Valuing Growth

by hihih222

If you read Valuation:Measuring and Managing the Value of Companies or Value Investing: From Graham to Buffett and Beyond, you learn the shockingly well hidden financial truth that growth can destroy value…let me say that again. There are points in time when growth in net income can destroy value. Amazing! but very logical.

In Value Investing, Greenwald contends that the only value creating growth is growth within one’s franchise. That’s because you have a competitive advantage and can reliably create ROICs above the cost of capital. In Valuation, the Mckinsey authors emphasize the same point that growth destroys value when ROIC of incremental investments is lower than cost of capital and creates value when ROIC of incremental investments is higher than cost of capital. According to this book, value is maximized when a company invests as much as it can into opportunities with ROIC higher than cost of capital.

The issue I’m struggling with is in Value Investing by greenwald. Greenwald emphasizes to an extreme degree that “the only profitable growth is growth within the franchise”…you read that like 9 times when reading through the book. However, in one or two sentences he mentions that this is because of the reason that Valuation mentions, because the franchise achieves a ROIC higher than cost of capital. What I don’t understand is why he doesn’t think growth can be created outside of the franchise.If ROIC outside of the franchise is greater than cost of capital, it should still create value shouldn’t it? One possibility is that maintenance of ROIC outside of the franchise is unlikely, so after ROIC converges back to cost of capital, you’ll start breaking even or losing value with growth. A real scenario, but I figure if a company is either 1) wise enough to stop investing capital once the ROIC spread begins eroding, or 2) finds a competitive advantage outside of the core franchise, the company could benefit significantly(obviously more in the case of #2). After all, wasn’t Amazon originally a bookseller? Their “franchise” probably didn’t have any real value at that point. Branching out, Amazon was able to realizze a ROIC higher than cost of capital in the online store business, and instead of eroding, ROIC maintained due to a competitive advantage that was being realized. Major value creation.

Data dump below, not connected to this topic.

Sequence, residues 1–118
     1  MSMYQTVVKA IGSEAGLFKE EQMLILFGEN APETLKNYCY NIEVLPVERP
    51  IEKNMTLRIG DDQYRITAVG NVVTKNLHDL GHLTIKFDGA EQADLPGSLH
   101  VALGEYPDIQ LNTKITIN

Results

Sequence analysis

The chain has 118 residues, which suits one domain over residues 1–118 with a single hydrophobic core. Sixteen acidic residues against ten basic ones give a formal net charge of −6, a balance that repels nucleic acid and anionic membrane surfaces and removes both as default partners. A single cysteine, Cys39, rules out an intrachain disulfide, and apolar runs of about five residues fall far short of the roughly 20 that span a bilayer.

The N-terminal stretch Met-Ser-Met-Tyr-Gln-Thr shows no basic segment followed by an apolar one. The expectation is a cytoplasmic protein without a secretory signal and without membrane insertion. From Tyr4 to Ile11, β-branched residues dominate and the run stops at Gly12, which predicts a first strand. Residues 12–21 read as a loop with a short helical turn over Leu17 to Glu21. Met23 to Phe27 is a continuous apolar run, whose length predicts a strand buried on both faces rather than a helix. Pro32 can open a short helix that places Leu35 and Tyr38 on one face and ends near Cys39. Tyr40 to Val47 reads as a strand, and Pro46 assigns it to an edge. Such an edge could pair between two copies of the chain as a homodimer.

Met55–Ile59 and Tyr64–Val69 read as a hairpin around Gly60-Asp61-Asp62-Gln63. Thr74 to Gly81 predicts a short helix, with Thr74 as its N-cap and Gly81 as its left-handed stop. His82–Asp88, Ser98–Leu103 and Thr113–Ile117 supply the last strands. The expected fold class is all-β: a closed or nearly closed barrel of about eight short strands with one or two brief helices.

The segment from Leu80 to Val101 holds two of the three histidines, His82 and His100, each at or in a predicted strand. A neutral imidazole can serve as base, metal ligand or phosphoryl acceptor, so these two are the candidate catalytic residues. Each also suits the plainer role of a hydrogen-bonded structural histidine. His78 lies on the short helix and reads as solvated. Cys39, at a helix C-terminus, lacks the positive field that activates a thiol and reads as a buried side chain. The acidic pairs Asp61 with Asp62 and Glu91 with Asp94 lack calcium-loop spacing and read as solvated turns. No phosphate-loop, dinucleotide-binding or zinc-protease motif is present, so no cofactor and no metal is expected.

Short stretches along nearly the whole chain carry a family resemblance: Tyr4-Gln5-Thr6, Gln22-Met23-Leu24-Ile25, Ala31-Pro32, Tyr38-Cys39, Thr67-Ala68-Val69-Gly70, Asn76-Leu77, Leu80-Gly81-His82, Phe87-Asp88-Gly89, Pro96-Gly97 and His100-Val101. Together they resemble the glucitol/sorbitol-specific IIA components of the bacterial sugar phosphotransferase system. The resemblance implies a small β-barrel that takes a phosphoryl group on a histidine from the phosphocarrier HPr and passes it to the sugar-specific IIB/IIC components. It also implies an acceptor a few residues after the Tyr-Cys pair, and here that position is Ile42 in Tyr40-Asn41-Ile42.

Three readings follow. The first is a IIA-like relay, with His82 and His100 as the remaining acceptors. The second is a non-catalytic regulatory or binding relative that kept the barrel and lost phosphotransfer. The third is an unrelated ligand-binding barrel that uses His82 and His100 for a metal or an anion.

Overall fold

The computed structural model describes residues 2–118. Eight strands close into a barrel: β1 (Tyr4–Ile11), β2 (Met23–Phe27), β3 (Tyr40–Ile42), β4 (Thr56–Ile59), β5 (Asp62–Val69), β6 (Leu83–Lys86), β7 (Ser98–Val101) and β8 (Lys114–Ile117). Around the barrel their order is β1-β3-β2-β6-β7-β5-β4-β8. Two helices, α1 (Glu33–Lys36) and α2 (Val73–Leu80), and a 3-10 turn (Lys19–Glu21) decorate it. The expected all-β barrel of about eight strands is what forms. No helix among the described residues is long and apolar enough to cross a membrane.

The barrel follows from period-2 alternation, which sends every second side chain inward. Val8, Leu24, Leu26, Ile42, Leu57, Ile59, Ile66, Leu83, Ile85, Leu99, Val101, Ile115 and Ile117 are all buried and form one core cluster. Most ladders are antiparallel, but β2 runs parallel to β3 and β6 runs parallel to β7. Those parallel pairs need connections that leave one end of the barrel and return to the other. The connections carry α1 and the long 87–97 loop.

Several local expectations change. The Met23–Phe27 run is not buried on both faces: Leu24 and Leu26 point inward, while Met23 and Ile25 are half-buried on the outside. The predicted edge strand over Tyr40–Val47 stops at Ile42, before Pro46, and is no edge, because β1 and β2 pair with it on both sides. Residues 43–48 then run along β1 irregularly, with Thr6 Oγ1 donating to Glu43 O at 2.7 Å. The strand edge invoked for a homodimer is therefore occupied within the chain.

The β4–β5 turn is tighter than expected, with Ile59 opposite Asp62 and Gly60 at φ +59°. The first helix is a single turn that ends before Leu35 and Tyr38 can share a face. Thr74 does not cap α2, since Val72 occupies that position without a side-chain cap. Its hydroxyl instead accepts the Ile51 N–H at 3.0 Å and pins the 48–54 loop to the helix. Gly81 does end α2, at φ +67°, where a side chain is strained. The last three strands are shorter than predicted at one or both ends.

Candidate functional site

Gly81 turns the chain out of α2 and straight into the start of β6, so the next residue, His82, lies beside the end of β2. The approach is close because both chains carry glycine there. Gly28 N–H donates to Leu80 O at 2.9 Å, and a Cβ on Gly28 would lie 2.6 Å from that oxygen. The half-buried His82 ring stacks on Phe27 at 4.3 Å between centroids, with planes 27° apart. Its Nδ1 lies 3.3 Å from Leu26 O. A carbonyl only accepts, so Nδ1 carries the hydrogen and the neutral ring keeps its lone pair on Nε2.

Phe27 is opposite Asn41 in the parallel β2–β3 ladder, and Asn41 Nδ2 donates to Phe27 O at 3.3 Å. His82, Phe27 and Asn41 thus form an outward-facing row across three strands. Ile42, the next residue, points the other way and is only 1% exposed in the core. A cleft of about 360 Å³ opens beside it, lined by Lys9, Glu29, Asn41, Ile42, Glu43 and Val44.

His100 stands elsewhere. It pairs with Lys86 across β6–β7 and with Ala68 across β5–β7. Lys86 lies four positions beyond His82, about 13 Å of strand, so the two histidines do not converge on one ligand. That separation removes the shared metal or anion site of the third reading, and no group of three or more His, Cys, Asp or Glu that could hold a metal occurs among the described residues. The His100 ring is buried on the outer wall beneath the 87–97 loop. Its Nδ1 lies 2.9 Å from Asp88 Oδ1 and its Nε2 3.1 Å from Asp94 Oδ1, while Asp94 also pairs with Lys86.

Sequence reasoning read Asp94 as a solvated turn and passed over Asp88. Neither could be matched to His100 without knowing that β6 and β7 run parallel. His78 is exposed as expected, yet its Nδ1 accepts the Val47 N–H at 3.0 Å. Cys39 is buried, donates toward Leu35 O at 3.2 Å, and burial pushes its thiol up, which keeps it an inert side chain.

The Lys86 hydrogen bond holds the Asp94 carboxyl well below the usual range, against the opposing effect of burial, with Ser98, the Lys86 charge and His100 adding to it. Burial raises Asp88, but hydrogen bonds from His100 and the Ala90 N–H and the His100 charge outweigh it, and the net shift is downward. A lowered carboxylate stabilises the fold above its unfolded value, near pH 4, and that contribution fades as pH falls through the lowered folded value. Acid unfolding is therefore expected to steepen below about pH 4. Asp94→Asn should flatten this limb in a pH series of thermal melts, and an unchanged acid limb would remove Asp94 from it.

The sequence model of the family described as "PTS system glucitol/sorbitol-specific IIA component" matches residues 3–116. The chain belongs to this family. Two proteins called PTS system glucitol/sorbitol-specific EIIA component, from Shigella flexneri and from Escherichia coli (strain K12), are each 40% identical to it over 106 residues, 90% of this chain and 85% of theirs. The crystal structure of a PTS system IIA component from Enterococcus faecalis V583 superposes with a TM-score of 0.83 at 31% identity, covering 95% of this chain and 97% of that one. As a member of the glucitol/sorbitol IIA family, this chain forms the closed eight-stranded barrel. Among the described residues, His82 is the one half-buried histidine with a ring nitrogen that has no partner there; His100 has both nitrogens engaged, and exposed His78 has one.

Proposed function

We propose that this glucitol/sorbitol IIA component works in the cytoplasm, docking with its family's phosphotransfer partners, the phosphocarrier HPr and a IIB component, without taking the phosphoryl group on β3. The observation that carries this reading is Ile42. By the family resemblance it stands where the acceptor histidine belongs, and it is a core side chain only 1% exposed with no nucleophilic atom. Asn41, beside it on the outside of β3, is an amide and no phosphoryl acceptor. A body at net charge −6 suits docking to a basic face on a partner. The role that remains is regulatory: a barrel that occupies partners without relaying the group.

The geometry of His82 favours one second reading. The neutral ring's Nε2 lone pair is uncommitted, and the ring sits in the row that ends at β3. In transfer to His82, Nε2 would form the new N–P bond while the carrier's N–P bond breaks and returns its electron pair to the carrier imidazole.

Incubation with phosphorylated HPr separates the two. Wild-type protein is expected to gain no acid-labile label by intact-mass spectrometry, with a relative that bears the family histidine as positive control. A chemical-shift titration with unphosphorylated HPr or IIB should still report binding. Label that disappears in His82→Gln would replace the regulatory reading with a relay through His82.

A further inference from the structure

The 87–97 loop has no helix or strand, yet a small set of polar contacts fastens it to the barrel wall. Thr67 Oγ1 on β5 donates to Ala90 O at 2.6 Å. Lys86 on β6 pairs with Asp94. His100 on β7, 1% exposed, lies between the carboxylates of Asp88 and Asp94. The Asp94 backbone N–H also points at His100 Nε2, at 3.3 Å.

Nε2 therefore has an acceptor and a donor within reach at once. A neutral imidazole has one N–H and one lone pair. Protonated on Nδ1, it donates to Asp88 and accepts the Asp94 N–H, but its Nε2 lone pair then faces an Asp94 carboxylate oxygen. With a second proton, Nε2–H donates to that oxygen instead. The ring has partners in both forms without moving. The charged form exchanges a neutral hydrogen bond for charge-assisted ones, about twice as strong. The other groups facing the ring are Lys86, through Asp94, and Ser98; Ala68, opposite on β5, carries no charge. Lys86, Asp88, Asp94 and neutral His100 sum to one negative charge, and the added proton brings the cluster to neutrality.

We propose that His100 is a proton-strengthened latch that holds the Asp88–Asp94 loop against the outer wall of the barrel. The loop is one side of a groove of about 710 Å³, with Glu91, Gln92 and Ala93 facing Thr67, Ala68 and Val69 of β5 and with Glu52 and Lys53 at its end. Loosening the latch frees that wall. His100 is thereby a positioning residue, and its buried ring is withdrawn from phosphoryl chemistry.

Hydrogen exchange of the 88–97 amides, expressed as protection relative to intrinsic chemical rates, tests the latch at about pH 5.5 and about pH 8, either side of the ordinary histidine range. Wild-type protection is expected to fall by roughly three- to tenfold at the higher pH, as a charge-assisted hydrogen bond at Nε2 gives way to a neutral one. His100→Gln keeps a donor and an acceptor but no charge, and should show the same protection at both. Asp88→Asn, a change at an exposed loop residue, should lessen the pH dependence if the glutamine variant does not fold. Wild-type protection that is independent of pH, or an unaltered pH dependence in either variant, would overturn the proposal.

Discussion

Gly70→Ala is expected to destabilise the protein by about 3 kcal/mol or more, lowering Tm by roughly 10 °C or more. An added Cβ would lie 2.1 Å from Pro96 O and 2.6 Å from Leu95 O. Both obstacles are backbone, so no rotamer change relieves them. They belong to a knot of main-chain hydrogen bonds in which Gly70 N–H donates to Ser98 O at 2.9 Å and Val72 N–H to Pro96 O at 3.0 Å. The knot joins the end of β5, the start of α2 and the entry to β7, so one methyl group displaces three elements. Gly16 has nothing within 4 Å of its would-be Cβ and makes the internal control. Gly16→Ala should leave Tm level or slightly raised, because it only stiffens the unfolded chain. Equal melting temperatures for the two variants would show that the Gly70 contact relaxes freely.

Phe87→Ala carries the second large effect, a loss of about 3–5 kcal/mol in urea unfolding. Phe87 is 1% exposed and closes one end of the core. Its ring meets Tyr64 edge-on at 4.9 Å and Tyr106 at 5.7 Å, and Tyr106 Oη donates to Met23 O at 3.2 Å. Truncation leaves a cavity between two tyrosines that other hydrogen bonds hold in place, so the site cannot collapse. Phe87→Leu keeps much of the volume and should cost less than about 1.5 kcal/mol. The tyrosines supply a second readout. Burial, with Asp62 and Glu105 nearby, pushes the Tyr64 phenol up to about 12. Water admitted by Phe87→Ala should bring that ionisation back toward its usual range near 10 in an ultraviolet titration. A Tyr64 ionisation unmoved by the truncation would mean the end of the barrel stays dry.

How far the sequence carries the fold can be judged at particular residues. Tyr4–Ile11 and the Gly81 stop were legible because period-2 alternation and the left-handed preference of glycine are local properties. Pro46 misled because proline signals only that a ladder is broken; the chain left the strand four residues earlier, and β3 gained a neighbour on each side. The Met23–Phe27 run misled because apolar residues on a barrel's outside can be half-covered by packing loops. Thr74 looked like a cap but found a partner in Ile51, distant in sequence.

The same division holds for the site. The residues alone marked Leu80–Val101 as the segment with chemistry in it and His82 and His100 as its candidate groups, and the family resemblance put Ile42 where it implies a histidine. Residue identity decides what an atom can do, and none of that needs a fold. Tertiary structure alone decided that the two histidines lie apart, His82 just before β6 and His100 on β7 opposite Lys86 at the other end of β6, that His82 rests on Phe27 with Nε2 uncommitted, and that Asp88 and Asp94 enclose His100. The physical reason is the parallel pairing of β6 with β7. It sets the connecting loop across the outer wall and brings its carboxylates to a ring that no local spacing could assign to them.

Thoughts?

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